Home

Quick Links

Legal & Sitemap

navigation
Home > Trends & Insights > When to Donate Appreciated Real Estate to Charity

Article

 

Friday, May 19, 2017

When to Donate Appreciated Real Estate to Charity


This article is a general overview of the rules for donating appreciated property to charity. It concerns only long-term (held more than one year) capital gain property, not ordinary income generating property such as inventory. The article does not cover these fact patterns: If you are a homebuilder and are thinking about donating one of your lots; if there is debt associated with the property; or lastly, if you have an apartment building where you’ve depreciated the building and improvements, which will make funky things happen tax-wise.*

Say you have an ocean-view lot that you purchased years ago, intending to build a vacation home to enjoy your golden years.  You either paid cash or took a mortgage that has been paid off completely.  Your circumstances have changed, and you no longer wish to keep the lot.  It has greatly appreciated in value, and you will be hit hard with income tax on the capital gain if you sell the lot.  Say you’d also like to make a significant charitable deduction to your alma mater, or perhaps to your church.

You have some options that could not only avoid the tax on the capital gain associated with an outright sale of the lot, but also get you a charitable deduction to help offset the income tax on other income.  First, you can simply donate the lot to a qualified charity. 

For example, say the lot is now worth $100,000.  You originally paid $20,000 for it many years ago.  If you sold it for the $100,000, you would have $80,000 in taxable gain (the $100,000 in proceeds less your $20,000 basis).  Depending on your tax bracket, you might owe 20% of the $80,000 gain in tax, or $16,000.  You might also be subject to the net investment income tax of 3.8%, another $3,040.  In total, your tax bill from the sale could be almost $20,000.

Instead of selling the lot, you donate it to a public charity or a donor advised fund (DAF).  You avoid the tax on the capital gain from the sale ($20,000).  Additionally, you get a charitable deduction of $100,000 on your income tax return, which could offset other income, thereby saving more income tax.  The deduction will require an appraisal to be attached to your income tax return.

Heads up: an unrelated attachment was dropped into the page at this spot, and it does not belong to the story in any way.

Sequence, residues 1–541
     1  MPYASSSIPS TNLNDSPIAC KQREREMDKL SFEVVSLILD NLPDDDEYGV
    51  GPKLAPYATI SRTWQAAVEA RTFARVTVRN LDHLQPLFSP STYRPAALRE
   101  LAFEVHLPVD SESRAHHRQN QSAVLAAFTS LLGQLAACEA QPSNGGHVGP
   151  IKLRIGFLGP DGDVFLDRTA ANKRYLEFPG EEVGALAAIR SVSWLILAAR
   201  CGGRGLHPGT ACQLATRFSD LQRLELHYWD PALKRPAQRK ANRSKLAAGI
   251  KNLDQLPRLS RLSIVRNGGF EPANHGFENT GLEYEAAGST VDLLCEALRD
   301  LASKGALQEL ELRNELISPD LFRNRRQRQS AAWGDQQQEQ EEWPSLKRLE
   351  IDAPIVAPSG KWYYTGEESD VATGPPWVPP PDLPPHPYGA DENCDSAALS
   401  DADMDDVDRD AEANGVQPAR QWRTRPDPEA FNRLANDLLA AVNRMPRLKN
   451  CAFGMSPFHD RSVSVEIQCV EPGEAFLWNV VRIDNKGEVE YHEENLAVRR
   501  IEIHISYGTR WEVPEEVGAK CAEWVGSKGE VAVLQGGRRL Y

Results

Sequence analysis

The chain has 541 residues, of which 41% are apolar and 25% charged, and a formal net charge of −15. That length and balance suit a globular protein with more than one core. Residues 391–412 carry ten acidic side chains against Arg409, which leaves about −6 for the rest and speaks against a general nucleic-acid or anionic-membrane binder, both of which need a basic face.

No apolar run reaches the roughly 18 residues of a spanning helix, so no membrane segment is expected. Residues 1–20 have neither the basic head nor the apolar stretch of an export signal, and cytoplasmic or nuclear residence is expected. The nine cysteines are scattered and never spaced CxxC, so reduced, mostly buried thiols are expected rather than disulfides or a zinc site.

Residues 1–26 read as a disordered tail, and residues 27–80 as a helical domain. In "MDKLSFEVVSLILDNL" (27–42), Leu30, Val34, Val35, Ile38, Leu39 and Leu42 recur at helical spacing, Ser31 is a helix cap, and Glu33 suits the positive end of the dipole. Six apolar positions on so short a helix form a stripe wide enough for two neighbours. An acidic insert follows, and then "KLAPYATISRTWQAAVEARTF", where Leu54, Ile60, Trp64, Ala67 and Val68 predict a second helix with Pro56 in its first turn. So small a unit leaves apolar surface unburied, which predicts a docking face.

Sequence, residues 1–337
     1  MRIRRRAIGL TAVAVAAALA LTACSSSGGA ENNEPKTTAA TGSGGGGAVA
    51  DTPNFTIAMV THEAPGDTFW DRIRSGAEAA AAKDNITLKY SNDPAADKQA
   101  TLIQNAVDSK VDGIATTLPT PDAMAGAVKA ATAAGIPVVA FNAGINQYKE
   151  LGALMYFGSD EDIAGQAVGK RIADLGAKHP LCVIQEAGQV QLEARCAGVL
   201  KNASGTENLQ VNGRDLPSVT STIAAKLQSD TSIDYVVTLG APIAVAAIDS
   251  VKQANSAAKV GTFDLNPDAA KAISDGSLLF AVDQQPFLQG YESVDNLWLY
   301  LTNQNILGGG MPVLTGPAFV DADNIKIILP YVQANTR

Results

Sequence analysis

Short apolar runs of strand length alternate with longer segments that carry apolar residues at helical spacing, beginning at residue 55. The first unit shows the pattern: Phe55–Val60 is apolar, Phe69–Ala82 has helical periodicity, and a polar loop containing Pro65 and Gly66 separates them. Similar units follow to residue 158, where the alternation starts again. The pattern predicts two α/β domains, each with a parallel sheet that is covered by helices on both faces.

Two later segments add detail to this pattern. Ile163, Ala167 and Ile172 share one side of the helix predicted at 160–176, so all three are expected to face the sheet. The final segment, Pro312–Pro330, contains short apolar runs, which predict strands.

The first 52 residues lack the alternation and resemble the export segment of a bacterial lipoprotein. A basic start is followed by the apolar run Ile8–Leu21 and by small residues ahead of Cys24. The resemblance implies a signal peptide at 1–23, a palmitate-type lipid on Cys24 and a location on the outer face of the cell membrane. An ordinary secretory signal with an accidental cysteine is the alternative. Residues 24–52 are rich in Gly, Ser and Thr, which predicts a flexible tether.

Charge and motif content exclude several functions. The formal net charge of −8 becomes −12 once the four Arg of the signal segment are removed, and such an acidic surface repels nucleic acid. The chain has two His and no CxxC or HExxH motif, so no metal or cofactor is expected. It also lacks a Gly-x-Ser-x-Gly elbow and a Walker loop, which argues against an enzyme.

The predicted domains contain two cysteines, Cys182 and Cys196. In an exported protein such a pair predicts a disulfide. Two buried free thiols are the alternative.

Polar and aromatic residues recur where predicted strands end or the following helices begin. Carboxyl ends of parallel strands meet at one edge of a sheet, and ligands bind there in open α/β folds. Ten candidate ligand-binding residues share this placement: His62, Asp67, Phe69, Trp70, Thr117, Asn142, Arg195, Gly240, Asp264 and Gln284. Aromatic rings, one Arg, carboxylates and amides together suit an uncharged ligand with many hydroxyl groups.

There is an annual cap on the amount of charitable deductions allowed, ranging between 20% and 50% of your adjusted gross income, so if you are thinking this could be a good strategy for you, please consult with your tax advisor, who can run the numbers for you.  Typically, gifts of appreciated assets such as these involve the 30% limitation.  Any deduction in excess of the annual cap carries forward to the next five years, so you have six years to use all of the deduction.

You say you really can’t afford to donate 100% of the lot because you planned on funding some of your retirement with the sale proceeds?  Consider a bargain sale to the public charity or DAF, where the charity does pay part of the fair market value.  Say the lot is now worth $500,000 and you want to donate only $250,000 to the charity.  The charity will pay you $250,000 for the entire property.  This is called a bargain sale, because the charity is paying less than the full fair market value of the property.

You’ll get to apply half of your $20,000 basis (because you sold half of the lot), so you will have to pay income tax (and maybe the net investment income tax) on the partial gain of $240,000 (the $250,000 process less $10,000 basis allocated to the sale).  So, you’ll walk away with $250,000 proceeds, less closing costs, less the taxes, to fund your nest egg.  But, you’ll have a potential charitable contribution of $250,000 as well, which should help offset the gain on the sale and perhaps other taxable income, subject to income limitations.  Again, have your tax advisor run the numbers if this interests you.

What if your lot depreciated instead of appreciated, since it wasn’t in that great a location or was purchased at the height of the real estate market?  Well, don’t bother to donate it to charity… You probably are better off selling the lot to an unrelated buyer who isn’t a charity and taking the loss on your tax return instead.

To learn more about donating appreciated property to charity, consult your Armanino tax advisor.

*The fair market value charitable deduction is reduced by the amount of depreciation allowed or allowable on real property placed in service between 1981 and 1986.  If the apartment building wasn’t purchased or placed in service during this time frame, there is no reduction in the charitable contribution.  Anything considered personal property is subject to the reduction for depreciation recapture; further, if the recipient charity puts the personal property to an unrelated use, the deduction is limited to the donor’s basis.

COMMENTS

comments powered by Disqus